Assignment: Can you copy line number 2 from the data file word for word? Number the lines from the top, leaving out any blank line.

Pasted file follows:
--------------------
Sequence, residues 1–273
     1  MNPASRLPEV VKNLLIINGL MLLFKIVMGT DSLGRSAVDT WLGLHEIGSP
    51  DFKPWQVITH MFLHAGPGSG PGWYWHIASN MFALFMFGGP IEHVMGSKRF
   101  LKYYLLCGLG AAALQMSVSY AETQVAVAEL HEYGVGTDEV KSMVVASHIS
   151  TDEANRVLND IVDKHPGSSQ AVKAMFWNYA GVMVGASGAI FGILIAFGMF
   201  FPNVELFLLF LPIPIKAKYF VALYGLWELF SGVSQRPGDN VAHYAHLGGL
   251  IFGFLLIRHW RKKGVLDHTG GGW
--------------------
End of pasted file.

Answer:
     1  MNPASRLPEV VKNLLIINGL MLLFKIVMGT DSLGRSAVDT WLGLHEIGSP